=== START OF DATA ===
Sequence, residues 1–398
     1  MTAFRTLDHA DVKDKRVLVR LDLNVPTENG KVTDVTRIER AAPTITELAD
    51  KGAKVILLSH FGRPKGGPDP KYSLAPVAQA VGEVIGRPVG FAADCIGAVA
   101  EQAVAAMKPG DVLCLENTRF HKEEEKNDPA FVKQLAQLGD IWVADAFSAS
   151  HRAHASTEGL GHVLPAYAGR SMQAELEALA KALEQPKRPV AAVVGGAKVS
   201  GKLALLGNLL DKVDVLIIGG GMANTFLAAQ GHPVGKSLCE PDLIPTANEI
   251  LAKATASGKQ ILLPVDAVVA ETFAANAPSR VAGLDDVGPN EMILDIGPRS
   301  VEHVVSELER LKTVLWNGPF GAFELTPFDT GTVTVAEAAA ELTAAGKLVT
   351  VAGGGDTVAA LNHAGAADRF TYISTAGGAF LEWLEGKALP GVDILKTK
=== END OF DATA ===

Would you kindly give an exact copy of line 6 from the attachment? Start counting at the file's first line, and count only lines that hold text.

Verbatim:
   201  GKLALLGNLL DKVDVLIIGG GMANTFLAAQ GHPVGKSLCE PDLIPTANEI